A Secret Waterfall
The fourth hidden wonder of South America.
COCACHIMBA, Peru—In May 2005, a German economist named Stefan Ziemendorff went for a hike in the Utcabamba valley. He'd been working on a wastewater project in the Amazonas province of Northern Peru, and was taking a day off to hunt for one of the region's abundant pre-Incan ruins. When he crossed into a blind ravine, though, he spied something unexpected: a towering, two-tiered cataract in the distance that hadn't appeared on any map. It was already late in the day, so he noted the location and made plans to come back later for a closer look. The following March, Ziemendorff held a press conference to declare that he had returned to the site with measuring equipment and discovered the third-tallest waterfall in the world.
The announcement felt like it belonged to another century. A gentleman explorer sets off on a hike into the hills, and comes back to report that one of the world's greatest natural marvels had been hiding all these years just over the next ridge. This was not Antarctica, nor the darkest reaches of the Congo, nor the inaccessible highlands of Papua New Guinea. This was a mere 26 miles from Chachapoyas, a centuries-old city of 25,000 people. It was almost impossible to believe.
Like many of geography's most heralded "discoveries," Ziemendorff's merited quotation marks—it wasn't news to everyone. While the waterfall may have been a secret from most of the world, there were about 200 people who not only knew all about the wonder, but lived almost directly beneath it. The residents of the village of Cocachimba referred to the cataract as Gocta, after the cawing sound made by a local species of monkey. Ever since the hamlet's founding in the 1950s, Cocachimbans have awakened each morning to one of the world's most picturesque views—and apparently they never mentioned it to anyone.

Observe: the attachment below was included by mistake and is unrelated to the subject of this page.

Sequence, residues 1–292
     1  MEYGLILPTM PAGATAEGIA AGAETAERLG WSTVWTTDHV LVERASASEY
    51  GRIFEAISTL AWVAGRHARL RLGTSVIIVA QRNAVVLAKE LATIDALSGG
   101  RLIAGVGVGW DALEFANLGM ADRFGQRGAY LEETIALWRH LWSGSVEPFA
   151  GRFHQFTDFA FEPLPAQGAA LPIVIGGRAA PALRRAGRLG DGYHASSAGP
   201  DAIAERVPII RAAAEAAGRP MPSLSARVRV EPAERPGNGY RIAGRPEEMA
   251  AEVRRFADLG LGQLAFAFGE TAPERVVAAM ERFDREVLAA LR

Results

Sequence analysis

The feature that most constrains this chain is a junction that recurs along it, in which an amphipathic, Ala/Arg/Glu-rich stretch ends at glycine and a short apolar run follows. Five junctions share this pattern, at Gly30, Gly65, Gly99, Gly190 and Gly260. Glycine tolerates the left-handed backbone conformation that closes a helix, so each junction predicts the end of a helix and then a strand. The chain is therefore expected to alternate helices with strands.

When Dylan and I arrived in Cocachimba on a foggy afternoon in November, after a six-hour drive from the nearest airport in Tarapoto, we were astonished to realize not only how tall the waterfall was, but how impressively it dominated the skyline over the village's tin-roofed homes. I had once seen a photo online depicting the town in the foreground, and the falls just behind, as if painted on a backdrop. I assumed it had been Photoshopped. It wasn't.
Though the town was, for many years, truly isolated—the first road in was completed the year after Ziemendorff's announcement, and the first electrical line followed in 2008—it had never been completely disconnected from the outside world. Cocachimbans came and went, and visited other nearby villages. How had word of Gocta failed to escape their lips? The first person we sought out was Edinson Santillán, the 28-year-old president of the town's newly formed Communal Tourism Association. We hoped he could help sort out the mystery of how a 2,531-foot waterfall could have remained "undiscovered" until just six years ago.
"We could see Gocta from town, and we would watch it in the rainy season when it swelled. It was always there. But the population just wasn't interested," Santillán told us, when we sat down with him outside the newly opened, 10-room Gocta Lodge, Cocachimba's first hotel. They knew the falls were majestic, but then, so is the entire lush cloud forest landscape of the Amazonian Andes in which Cocachimba is situated. It just never struck anyone that Gocta was that extraordinary or that enormous compared with anything else that might exist in the world. Even the biggest diamond ring eventually becomes invisible to the person wearing it.
That might explain why none of the locals ever bragged about Gocta to outsiders, but it doesn't explain why it's said that none of them ever made the short hour-and-a-half hike to visit the falls until after Ziemendorff's arrival. According to stories we were told, Cocachimbans didn't even go just to have a look around.
"Before 2005, everyone watched the waterfall, but no one went there," said Santillán. "We were fearful. Our grandparents would say, 'Kids, it's dangerous to go there. You will die, you'll get enchanted, and you will stay there.' "
In addition to being the co-founder of the Atlas Obscura, Joshua Foer is the author of Moonwalking With Einstein: The Art and Science of Remembering Everything, which grew out of a story he wrote for Slate.